Australia’s Emma McKeon Earns Fourth Gold at 2015 Japan Open

The final day of the 2015 Japan Open brought down the house with incredible swims from both in-country and visiting swimmers.  Another round of the ongoing Daiya Seto v. Kosuke Hagino battle took place in the men’s 200m IM, while red-hot Emma McKeon (Australia) snagged her fourth gold of the meet in world-ranking style.

Full Meet Results

Women’s Events

Miki Uchida successfully defended her 50m freestyle Japan Open title from last year, winning this year’s event in 25.14.  That knocks almost a tenth off of Uchida’s 25.23 that took the gold at the 2014 edition.  Second place today was Yayoi Matsumoto in 25.56, followed by Australia’s Ami Matsuo who touched in 3rd in 25.57.  Although swift for this meet, women worldwide need to be way past sub-25 to crack the world’s top ten.  Case in point, Sweden’s Sarah Sjostrom’s 24.74 currently sits in the tenth place position in the world rankings.

On-fire Emma McKeon scored yet another win for Australia, bringing her total number of golds to four on this meet.  In addition to McKeon’s already stellar 100m/200m freestyle and 50m butterfly (tie) wins, she topped today’s 100m butterfly field in an incredible 57.62 outing.  That time now ranks as 5th in the world, although McKeon already owns the 3rd-fastest (57.31) from her effort at the Australian National Championships in April.  The field overall in today’s race was quite speedy, with the top three women all sub-59, and the top 6 all under the 1:00 mark. Japan’s Natsumi Hoshi (58.46) and Rikako Ikee (58.49) earned second and third place finishes, respectively.

The women’s 200m breaststroke race also brought fireworks, with Japanese sensation Kanako Watanabe nabbing gold in 2:22.13.  This is the 6th-fastest time in the world thus far this year, although Watanabe is currently the queen of the event, sitting atop the world rankings with her 2:20.90 from Japanese Nationals.  Behind Watanabe today was Rie Kanetou, throwing down her own mean swim with a 2:22.46 to rank as 7th-fastest in the world.  She, too, has a performance towards the top of the rankings from Japanese Nationals, the 2:21.90 that sits in 3rd place on the world’s 2015 list.

Additional Women Event Winners

 – 200m IMRika Ohmoto earned the win in the event with a time of 2:12.05.

 50m backstroke – 28.36 for Miyuki Takemura was enough to top the field for the win.


Men’s Events

The 200m IM event did not disappoint, as another head-to-head duel ensued between Daiya Seto and Kosuke Hagino, the Japanese men who currently rank as number one and number two, respectively, in the world in the event.  It was Seto who came out on top today, however, clocking the world’s 4th-fastest performance, 1:57.63, for gold.  For his efforts, Hagino actually touched in 3rd place in the race, registering a 2:00.04.  Just outside the world’s top ten was today’s 2nd place finisher, Hiromasa Fujimori, who touched in 2:00.04, just 3/100 off of his 2nd-place winning time from last year of 2:00.01

Junya Koga continues to dominate in the sprint backstroke event, winning the 50m race in 24.73.  This was just 1/100 faster than his 24.74 winning time from last weekend’s Arena Pro Swim Series in Charlotte, giving Koga the 3rd and 4th-fastest times thus far in 2015.  The Japanese record is 24.24, so Koga is inching closer and closer with every performance, making the mark within reach perhaps for 2015.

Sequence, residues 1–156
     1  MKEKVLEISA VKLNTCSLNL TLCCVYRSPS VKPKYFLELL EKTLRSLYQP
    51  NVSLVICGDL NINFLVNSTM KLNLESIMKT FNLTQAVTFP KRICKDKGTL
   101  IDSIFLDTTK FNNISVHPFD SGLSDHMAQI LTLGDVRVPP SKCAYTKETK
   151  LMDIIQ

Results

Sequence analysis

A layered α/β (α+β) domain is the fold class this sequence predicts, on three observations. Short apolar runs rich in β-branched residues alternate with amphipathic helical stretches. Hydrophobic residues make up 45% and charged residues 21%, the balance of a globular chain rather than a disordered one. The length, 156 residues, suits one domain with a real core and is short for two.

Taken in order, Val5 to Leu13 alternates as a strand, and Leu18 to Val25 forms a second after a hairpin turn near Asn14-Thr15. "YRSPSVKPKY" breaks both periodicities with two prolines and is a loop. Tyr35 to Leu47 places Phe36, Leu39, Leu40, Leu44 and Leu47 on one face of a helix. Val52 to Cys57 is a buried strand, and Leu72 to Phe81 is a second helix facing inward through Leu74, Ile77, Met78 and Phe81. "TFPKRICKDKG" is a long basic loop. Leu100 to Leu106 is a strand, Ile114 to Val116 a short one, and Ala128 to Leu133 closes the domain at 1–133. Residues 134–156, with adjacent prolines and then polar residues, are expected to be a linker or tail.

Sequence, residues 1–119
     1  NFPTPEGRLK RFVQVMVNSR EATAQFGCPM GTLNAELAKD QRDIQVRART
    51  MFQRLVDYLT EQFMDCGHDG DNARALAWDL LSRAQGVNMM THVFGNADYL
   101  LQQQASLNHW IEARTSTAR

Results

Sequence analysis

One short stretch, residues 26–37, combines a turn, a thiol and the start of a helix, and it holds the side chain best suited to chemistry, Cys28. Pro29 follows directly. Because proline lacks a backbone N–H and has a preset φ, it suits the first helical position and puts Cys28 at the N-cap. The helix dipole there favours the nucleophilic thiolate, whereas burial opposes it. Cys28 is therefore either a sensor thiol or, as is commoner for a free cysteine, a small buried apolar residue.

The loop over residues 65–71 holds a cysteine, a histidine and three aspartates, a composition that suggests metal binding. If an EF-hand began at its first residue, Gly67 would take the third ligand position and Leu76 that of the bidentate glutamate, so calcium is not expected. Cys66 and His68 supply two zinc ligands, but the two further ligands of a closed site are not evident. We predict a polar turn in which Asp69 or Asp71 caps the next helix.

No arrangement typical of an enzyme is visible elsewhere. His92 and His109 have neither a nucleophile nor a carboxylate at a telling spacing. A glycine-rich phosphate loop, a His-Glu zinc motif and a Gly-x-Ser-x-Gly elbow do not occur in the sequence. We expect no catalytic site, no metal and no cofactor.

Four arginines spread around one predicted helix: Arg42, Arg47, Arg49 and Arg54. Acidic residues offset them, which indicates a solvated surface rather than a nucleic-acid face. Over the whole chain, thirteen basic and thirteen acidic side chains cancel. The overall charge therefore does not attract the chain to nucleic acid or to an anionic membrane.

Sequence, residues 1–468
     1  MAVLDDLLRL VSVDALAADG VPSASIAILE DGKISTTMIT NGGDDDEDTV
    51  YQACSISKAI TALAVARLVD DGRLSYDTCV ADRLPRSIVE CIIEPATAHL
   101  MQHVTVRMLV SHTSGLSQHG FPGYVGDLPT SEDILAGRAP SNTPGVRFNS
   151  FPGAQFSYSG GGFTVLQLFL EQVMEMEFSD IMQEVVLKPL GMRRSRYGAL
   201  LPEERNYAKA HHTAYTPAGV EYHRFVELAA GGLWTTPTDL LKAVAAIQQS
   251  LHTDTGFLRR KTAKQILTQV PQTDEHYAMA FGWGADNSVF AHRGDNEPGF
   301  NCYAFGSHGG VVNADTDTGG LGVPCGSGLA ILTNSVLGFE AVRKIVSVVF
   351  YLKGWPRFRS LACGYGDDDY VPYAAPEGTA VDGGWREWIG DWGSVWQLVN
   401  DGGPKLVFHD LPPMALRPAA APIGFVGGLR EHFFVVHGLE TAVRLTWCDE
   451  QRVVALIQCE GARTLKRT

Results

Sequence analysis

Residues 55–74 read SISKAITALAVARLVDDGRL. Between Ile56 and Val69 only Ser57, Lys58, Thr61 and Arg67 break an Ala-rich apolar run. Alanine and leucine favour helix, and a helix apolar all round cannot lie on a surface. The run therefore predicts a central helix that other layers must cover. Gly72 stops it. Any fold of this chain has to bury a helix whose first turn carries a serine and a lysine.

The men’s 50m freestyle event saw Shinri Shioura touch in 22.04 for the win, just outside of the world’s top ten. He was followed by teammate Katsumi Nakamura, the 2015 Japan Open 100m freestyle gold medalist and new Japanese record holder, who finished in 22.27 for second place in this shorter distance.  3rd place was earned today by USA’s Anthony Ervin, who finished in 22.69, just over a tenth slower than the 22.59 Ervin clocked at last week’s Charlotte meet.

Of note in this 50m freestyle race, however, is how much quicker the Japanese field was overall from the same time last year.  At the 2014 Japan Open, the fastest time was the 22.85 Hiroaki Yamamoto registered for 1st, followed by a 22.92 and 23.00, making just the top two swimmers dip beneath 23.0.  Compare that to this year, where the top 5 finishers (top 4 were Japanese) were well beneath 23.0. (Top 5 times: 22.04, 22.27, 22.69, 22.77, 22.90). This, paired with Nakamura’s 8th-fastest 100m freestyle performance on the year, may signify a shift in sprinting prowess in this typically IM, butterfly and breaststroke-focused squad.

Additional Men Event Winners:

  • 100m butterfly – Takeshi Kawamoto earned the men’s 100m butterfly win in 52.08, followed by Australia’s David Morgan who clocked a 52.44 for 2nd place.
  • 200m breaststrokeKazuki Kohinata nabbed the gold in his time of 2:09.51, but it was youngster Ippei Watanabe who scored a new World Junior Record.  Watanabe’s time today of 2:09.75 eclipsed his earlier mark of 2:10.23 set back in June 2014.  Read more about his feat here.

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8 years ago

Yasuhiro Koseki is a dude. If Kaneko Watanabe or anyone else went 2:08.34 in the women’s 200 IM, that’s worth more than a blurb.

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Retta Race

Former Masters swimmer and coach Loretta (Retta) thrives on a non-stop but productive schedule. Nowadays, that includes having just earned her MBA while working full-time in IT while owning French 75 Boutique while also providing swimming insight for BBC.

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